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AWARD WINNING AUTHOR

Writing in the Sunshine. Writing in the Shadows.


Wednesday, 21 February 2018

The next book - maybe

I've spent the last few days disentangling part of the first draft of what I hope will be the next Riviera Rogues book - I say hope, because I'm also at the cold feet stage wondering if the Choc-lit tasting panel will like it (All right, what I'm actually saying is 'Do you really think you are going to get away with this one?' Really?)

Danger - manuscript in progress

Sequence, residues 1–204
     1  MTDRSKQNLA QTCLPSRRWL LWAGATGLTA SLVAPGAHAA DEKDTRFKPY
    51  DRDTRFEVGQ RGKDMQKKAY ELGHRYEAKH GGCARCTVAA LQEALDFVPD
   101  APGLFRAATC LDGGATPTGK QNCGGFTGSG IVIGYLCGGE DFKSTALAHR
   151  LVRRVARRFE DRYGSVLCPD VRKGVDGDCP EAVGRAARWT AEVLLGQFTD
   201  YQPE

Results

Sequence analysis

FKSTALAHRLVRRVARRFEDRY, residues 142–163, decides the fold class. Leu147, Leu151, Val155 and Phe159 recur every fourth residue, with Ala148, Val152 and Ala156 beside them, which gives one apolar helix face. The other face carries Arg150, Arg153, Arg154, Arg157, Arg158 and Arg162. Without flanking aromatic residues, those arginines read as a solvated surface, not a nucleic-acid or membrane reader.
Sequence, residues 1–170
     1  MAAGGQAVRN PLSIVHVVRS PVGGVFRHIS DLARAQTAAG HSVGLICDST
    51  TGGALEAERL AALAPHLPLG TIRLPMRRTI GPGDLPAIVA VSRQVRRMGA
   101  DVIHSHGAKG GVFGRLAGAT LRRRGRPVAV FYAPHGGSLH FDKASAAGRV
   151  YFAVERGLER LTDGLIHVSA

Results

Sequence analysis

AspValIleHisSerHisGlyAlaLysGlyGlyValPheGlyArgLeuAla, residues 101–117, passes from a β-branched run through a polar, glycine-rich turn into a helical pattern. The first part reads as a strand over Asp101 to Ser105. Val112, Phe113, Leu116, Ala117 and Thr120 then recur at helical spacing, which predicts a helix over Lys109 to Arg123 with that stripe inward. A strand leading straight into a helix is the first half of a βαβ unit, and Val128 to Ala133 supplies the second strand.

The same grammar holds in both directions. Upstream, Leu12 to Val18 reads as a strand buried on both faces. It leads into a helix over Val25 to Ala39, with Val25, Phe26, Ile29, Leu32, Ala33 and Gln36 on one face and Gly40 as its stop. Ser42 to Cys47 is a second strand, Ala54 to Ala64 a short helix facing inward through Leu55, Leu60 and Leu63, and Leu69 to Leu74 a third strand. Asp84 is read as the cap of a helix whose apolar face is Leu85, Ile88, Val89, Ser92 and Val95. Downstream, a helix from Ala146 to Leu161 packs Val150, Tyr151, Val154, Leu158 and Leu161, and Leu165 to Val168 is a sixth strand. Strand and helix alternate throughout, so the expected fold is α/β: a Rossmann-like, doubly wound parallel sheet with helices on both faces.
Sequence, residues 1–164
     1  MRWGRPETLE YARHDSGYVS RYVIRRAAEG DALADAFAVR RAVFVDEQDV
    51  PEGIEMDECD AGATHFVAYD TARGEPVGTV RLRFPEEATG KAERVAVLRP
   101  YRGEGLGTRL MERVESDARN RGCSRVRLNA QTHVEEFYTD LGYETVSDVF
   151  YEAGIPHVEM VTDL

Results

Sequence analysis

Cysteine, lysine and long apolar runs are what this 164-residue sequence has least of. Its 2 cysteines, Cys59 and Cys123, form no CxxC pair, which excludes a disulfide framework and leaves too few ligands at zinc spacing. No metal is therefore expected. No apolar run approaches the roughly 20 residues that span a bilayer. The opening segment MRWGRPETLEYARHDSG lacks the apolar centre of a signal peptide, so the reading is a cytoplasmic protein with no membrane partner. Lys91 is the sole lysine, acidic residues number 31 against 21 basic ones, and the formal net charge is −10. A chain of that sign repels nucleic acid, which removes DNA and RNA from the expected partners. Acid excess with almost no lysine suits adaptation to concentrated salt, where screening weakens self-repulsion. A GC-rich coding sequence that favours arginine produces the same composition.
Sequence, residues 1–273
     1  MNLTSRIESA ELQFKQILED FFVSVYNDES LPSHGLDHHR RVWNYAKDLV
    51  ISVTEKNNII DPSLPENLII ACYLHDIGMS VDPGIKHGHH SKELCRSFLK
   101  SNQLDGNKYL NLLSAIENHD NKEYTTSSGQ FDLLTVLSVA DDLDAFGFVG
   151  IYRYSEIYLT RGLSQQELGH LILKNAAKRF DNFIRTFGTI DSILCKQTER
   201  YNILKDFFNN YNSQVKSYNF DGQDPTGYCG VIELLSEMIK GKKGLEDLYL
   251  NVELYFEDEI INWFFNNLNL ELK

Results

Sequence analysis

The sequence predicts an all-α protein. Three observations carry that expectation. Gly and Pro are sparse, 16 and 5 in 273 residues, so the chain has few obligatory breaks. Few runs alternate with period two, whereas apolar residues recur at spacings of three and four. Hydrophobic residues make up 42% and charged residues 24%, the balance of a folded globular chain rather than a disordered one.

It's got quite a complex plot (By complex, do I really mean complicated? Really?) It's an Ocean's Eleven type scenario with a group of friends getting together to take down a con artist. When you see those plots in films, the bit where they are organising the sting is usually a montage of members of the gang doing mysterious stuff, all of which becomes clear at the end. In a book people have to sit down and talk about it. (Is this bit boring? Really?) I do think I've ironed out the parts where disbelief wasn't so much suspended as dangled head first over a bottomless chasm, so that's a plus. I also seem to have a mystery involving my hero's parents which I don't remember writing (the joys of anaesthesia) and am pretty sure I have not resolved. It will be interesting to see if I did.  I'm not sure that the villain isn't too nasty for a light romantic comedy - but everyone likes to hiss a villain, don't they. (Do they? Really?)